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Best CSS Frameworks in 2022

Looking for Best CSS Frameworks in 2022? 🧐 Well, here we have listed down some of the best trending CSS frameworks so that you can get a detailed overview of various CSS frameworks at once…!!

As we all know that a CSS framework is a code library that abstracts common web designs and makes the designs easier for a developer to implement in their web apps. In simple terms, a CSS framework is a collection of CSS style-sheets that are prepped and ready to use.

Why use CSS frameworks?
  • Speeds up your development
  • Enables cross-browser functionality
  • Enforces good web design habits
  • Gives you clean and symmetrical layouts
  • They make your styling workflow productive, clean, and maintainable

Besides, they’re structured for use in common situations, like setting up navbars and are often amplified by other technologies such as SASS and JavaScript. The major advantage of a proper CSS framework is, it saves your time as you don’t need to begin from scratch.

There are many CSS frameworks available, and of course, it is hard to search for the right CSS framework here and there. So, we have prepared this list of Best CSS Frameworks 2021, which will help you to get an overview of particular CSS frameworks.

With any of these frameworks mentioned in the list below; you’ll be fully equipped to build clean, maintainable projects with minimal time investment.

Best CSS Frameworks in 2022

This list is prepared carefully referring the following trusted sources:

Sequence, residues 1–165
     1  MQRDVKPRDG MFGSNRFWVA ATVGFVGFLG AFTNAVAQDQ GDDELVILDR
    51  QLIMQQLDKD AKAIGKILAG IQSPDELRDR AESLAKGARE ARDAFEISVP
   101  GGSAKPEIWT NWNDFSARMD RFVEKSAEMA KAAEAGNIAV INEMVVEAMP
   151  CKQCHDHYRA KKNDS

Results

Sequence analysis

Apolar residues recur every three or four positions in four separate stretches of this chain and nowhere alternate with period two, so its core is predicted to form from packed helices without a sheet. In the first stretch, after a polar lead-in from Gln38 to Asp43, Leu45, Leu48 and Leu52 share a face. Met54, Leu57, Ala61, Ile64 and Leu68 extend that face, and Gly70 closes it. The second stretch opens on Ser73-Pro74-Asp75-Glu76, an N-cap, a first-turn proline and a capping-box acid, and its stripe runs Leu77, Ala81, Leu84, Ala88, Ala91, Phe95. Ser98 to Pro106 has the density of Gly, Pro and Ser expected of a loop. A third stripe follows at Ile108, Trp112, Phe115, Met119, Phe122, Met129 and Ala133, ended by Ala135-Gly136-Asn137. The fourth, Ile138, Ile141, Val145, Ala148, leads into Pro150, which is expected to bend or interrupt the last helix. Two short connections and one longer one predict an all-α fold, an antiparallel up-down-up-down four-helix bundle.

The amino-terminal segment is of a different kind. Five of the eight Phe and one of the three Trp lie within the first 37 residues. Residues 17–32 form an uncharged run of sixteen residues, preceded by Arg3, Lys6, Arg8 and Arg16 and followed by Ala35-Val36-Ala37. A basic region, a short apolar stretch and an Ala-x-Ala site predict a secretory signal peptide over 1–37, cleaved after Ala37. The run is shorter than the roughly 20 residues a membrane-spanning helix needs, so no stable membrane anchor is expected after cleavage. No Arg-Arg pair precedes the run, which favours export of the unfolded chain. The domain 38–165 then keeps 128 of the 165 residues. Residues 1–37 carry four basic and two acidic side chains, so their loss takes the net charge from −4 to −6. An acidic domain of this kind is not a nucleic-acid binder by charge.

1. Tailwind CSS: Low level, utility-first framework

Tailwind CSS framework

Tailwind CSS is a highly customizable, low-level utility first CSS framework that gives you all of the building blocks you need to build bespoke designs without any annoying opinionated styles you have to fight to override. Unlike other CSS frameworks (Bootstrap or Materialize CSS) it doesn’t come with predefined components. Instead, it operates on a lower level and offers you a set of CSS helper classes. By using these classes you can rapidly create custom design easily. Tailwind CSS lets you create your own unique design.

You can check Tailwind’s Github page.

Reasons to use Tailwind:

  • No default theme
  • Doesn’t impose design decisions that you have to fight to undo
  • Offers a head start implementing a custom design with its own identity
  • Comes with a menu of predesigned widgets to build your site with

Tailwind CSS framework

Some additional Info:

  • Release date: November 2, 2017
  • Git star, Forks, Contributors: 27.1k, 1.3k, 255
  • Hacker News, Reddit, Stack overflow: h, 245,525
  • License: MIT
  • No. of sites: 11,671
  • Documentation: Good
  • Core concept: Utility first, responsive
  • Grid: Flexbox
  • Browser Support: All modern browser
  • Companies using: Setel, Livestorm, Mogic, Declik

2. Bootstrap: World’s Most Popular Framework

Bootstrap CSS framework

Bootstrap is the world’s best CSS framework with large community support. This framework is built in HTML, SASS, and JavaScript. Currently, Bootstrap 4.5.0 is the latest version with more responsiveness with utility classes and new components. It is directed at the responsive, mobile-first front end development which makes it usable for any device and developer-friendly. Bootstrap supports all modern browsers. The best advantage of bootstrap is, this framework has great JavaScript components with custom files or CDN.